Correcting Children

My response to a friend’s request for recommendations of parenting books.
Yeah, there’s one benefit to teaching children professionally: you get to test lots of experimental parenting techniques. One little book I read on retreat one time that has stayed with me is Preparing for Adolescence by James Stenson. Another good one that we have is called The Work of Children, by Esther
In general, I hold to the principle that I learned in my first years of teaching: never stop trying to find new ways.
One example is letting them do what they’re already doing. Since there are some things they can’t not do, I try to ask myself, before I tell them to stop doing something, if there’s anything better they can be doing at the moment. This is especially common when we’re not at home. Usually they’re doing something that no polite adult (or even 10-year-old) would be doing, but is still fairly harmless, and better than anything else I could see them doing in the present circumstances.
Another is what I have heard an educationist call “structured alternatives”. The challenge is to come up with two things for them to choose from, both of which I can live with, and present them.
With our Θ—, 3, who is of a very pronounced sanguine temperament, corporal punishment is almost totally useless. It has very little corrective influence on him. He continues doing the prohibited action with a smile right up until I spank him, then cries with a surprised look on his face for a few seconds, then goes right back to smiling and doing the prohibited action. S— M—, 10, is more of a melancholic and has always responded well to that sort of correction (although he almost never gets that sort of punishment anymore), and our choleric S— E— does too.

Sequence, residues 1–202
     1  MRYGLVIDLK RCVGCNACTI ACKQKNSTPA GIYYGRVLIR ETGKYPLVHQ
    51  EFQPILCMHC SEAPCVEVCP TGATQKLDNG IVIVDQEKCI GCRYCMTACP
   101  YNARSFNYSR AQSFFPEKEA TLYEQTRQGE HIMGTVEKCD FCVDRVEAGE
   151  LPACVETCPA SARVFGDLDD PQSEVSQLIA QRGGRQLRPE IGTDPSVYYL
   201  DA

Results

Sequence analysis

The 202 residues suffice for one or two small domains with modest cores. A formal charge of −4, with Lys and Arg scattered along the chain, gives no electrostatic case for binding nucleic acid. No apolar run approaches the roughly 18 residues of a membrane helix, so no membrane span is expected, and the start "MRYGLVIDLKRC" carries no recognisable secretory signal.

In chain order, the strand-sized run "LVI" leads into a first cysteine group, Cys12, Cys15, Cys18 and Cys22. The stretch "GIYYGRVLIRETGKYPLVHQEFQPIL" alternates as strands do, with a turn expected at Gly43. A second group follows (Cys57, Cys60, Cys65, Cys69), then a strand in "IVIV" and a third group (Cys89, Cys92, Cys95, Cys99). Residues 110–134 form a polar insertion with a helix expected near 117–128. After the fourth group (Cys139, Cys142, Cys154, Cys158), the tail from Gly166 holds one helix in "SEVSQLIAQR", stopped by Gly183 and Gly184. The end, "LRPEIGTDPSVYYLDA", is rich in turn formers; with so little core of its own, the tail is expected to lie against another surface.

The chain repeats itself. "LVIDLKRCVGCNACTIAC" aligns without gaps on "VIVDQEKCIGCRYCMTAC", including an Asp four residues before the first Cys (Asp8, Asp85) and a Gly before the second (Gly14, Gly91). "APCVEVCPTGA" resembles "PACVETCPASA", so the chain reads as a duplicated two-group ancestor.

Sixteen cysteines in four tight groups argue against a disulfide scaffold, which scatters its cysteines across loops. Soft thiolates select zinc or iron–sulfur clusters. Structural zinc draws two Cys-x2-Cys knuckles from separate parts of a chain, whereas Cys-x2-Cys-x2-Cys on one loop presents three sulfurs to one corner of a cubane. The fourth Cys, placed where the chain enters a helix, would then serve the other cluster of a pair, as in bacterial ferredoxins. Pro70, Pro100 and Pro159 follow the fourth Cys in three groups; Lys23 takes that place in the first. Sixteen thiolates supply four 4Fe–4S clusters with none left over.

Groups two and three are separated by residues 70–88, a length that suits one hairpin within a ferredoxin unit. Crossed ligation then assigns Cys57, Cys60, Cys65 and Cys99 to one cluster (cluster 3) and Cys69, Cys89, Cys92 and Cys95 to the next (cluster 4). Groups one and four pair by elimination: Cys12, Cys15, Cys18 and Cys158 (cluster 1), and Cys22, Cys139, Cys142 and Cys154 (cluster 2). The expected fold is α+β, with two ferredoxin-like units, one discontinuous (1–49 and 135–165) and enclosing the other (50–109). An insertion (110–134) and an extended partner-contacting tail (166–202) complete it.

One of the very hard things I think is being willing to sacrifice the time to correct them, when merely effecting the corrected thing takes a tiny fraction of the time. Like flushing a toilet, for example. I could just flush the damned thing in five seconds, but instead I have to go find S— E—, ascertain that she’s the one who left it by questioning her in a non-confrontational way, and then give her step-by-step instructions to flush it (hold the handle down until you see the water disappearing!). And most of the time we feel like we don’t have time for all that, but if we are forming good characters then we are getting something better than a tidy toilet.
Crazy question, G—. I don’t know. I thought I had a lot of good ideas before I got married, but now I just keep trying new things (work, chores, keeping them busy—it’s hard to keep coming up with things for them to do that are good for them to do) and praying.
Thanks, dear reader, should you ever find me, for being my gadfly.

About philokalos

Philologist, historian, and lover of great books, I started this blog to keep myself alert to the beauty of what I see amid the demands of my work.
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